My wife is a competitive rower (we're going to World Masters in Italy in August). Every serious rower uses Concept 2 rowing machines. Older generation units on Craigslist might save you some money if you needed only the good mechanics without the modern electronics.Feb 27, 2013 at 2:10 pm #1959382
Jennifer MitolBPL Member
@jenmitolLocale: In my dreams....
There will be no significant difference for you as a cross training exercise if you choose recumbent vs upright. The problem you will have is something called "specificity of training," which means, you guessed it, if you want to ride a recumbent bike very well, train on a recumbent bike; if you want to hike well, hike.
In your specific case, you basically need to maintain some level of cardiovascular fitness, which is why your doc suggested a bike or something. It will not really do much for you to keep your hiking muscles in shape – you'll just have to hike to do that.
1) if you have access to a pool, that might be the closest you can get to mimicking hiking if you want to specifically work hiking muscles. Don't swim, per se, just walk, or run, etc. Basically hike in the pool.
2) if you really have plantar fasciitis, it really shouldn't be this hard to treat. Most cases, if handled properly, clear up pretty well within a month or so. Granted, you may have some mild pain leftover, but honestly nothing that should have to limit you. Have you tried the toe splints at night yet? (they hold your foot at a 90 degree angle while you sleep…helps keep the plantar fascia from tightening up overnight.) If you are still having trouble, find yourself a GOOD PT. I cannot stress enough…no PT should waste your time with ultrasound or electrical stimulation or iontophoresis or any of those types of modalities. The PT should be looking at the biomechanics of your foot and entire leg and addressing that – anything else is just placebo and ripping you off. We all know it, but so many clinics just keep doing it because that's what they always do…and the patients like it because it kinda feels good.
But in the meantime, don't fret about upright vs recumbent vs rowing…do what you will actually do and at least somewhat enjoy. Just work big muscles until you sweat and get your heart rate up.
Feel free to PM with specific questions if you want…
BackpackerPT.comMar 15, 2013 at 9:17 am #1965940
Bob ShaverBPL Member
I ride a recumbent trike to work everyday, not having missed a day of commuting in 5 years. I'm assuming a recumbent exercise bike is similar to a recumbent bike/trike. I can say you can get a great workout on it. It's the only aerobic training I get before backpacks up to a week long. I'm 63.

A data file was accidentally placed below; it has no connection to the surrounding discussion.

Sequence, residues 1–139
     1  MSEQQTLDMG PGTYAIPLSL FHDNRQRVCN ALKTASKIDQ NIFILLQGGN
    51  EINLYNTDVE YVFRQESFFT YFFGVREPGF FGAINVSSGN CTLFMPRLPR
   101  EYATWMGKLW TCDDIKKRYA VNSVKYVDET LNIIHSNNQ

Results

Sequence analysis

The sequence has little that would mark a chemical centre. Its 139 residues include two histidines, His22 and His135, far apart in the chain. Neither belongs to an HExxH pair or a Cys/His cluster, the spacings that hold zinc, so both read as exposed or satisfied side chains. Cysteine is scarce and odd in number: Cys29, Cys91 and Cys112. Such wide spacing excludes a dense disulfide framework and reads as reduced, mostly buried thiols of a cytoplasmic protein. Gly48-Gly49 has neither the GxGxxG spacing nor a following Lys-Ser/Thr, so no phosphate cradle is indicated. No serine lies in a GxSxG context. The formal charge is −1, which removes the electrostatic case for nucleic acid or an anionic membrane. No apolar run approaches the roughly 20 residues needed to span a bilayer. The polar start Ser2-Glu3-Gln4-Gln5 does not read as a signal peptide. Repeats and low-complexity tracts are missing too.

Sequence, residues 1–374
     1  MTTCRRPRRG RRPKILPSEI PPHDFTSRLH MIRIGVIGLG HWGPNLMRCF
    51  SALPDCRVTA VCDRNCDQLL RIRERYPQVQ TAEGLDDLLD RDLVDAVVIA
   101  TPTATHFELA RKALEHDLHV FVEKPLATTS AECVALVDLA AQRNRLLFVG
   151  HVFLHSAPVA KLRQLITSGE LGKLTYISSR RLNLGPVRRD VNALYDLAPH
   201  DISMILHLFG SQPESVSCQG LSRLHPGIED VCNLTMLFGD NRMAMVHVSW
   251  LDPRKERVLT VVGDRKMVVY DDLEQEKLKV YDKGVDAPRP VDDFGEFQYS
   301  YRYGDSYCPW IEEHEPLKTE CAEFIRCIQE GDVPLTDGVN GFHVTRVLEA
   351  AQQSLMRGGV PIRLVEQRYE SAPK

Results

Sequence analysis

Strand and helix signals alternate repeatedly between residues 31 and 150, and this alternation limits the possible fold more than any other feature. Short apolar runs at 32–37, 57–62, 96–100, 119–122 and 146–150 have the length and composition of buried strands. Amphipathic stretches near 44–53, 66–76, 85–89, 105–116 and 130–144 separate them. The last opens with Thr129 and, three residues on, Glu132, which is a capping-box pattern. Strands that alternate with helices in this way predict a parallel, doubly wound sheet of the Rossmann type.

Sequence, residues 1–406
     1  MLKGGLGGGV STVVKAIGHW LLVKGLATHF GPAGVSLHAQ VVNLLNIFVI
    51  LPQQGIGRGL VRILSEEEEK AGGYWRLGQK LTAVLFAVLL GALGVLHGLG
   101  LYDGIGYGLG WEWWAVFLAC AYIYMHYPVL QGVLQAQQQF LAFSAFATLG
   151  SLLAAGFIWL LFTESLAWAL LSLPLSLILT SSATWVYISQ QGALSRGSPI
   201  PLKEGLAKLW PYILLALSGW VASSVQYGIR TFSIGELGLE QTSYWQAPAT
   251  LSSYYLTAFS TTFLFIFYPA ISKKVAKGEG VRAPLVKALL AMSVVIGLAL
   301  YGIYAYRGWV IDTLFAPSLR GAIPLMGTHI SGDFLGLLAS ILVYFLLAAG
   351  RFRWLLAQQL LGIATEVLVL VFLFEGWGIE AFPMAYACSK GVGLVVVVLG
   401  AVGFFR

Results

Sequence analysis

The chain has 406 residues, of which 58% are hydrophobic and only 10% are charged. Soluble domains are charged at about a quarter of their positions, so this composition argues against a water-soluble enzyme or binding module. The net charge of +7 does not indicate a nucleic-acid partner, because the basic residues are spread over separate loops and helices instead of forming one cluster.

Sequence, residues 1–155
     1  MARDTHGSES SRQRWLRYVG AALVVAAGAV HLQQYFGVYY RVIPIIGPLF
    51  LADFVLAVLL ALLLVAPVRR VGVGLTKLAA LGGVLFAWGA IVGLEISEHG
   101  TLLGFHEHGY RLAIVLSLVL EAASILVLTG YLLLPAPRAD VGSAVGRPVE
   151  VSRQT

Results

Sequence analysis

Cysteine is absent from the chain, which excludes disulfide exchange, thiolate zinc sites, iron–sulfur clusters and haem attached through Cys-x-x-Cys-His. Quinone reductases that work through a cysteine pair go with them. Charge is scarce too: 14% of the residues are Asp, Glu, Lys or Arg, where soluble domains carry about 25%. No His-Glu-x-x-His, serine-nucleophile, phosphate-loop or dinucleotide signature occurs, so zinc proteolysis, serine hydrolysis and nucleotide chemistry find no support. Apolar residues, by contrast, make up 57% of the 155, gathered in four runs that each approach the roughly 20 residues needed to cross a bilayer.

You will greatly benefit from clip in shoes, with the Keen commuters (sandals) being a great one. Being positively linked to the pedal allows you to pull back hard and not have your foot fall off the pedal, which could lead to serious injury when out riding.
People who have shoulder, neck, butt, wrist, hand or back issues like recumbents for the absence of stress on those body parts compared to similar efforts on a diamond frame (DF) bike.
My ride includes an uphill section for about a mile and a half. If I am in training mode, I try to climb the hill while keeping my leg rpms at a constant and increasing pace. At present, I try to do the whole hill at about 80 rpms, regardless of the speed. Later, I'll try for 85, then 90. It is very tiring, and prevents me from "dogging it". I also do wind sprints in certain sections, and sometimes mix it up by climbing the hill using only "pulling back" muscles.
I don't know that recumbent bikes are better than DFs for a workout, but you can definitely get a workout on either. If you have issues with any upper body or butt parts, the recumbent will be quite aerobic and not stress those areas. If you are accustomed to riding an upright, it will take about 3 months before you get your "bent" legs, as the muscles used in recumbents are slightly different.Mar 15, 2013 at 7:00 pm #1966134
jeffrey armbrusterBPL Member
@bookLocale: Northern California
Don: you have plantar fasciitis and need to keep off of your feet.
I assume that you already know about all of the stretches etc. that you need to be doing.
Swimming is great. Obviously low impact. Swimming, though, does have a slow learning curve. On the upside, when you swim poorly, it really works your aerobic capacity! And then when you swim well, it does the same. Also, using a paddle board for kicks really works your legs. Try Zoomers–short fins–if you need to keep pace in the lanes. But, surprisingly, you will feel a bit of stretch in your feet and ankles when you use them. This may be good or bad for you, depending.
Elliptical machines in the gym are very good for being low impact on your feet while working your legs and heart. Like running with no impact.
I can't speak to bikes or rowers for your feet. These things are always more complicated than they might seem.
Nightly I stretch the bottoms of my feet on a wooden dowel with two sets of ridges near the center; a dowel that was designed for spinal therapy, if you can picture that. I just roll that puppy under each foot for twenty minutes or more while watching basketball. A massage, a stretch, a way to work into soreness. Feels great. So far, this has kept another occurrence of plantar fasciitis from coming back.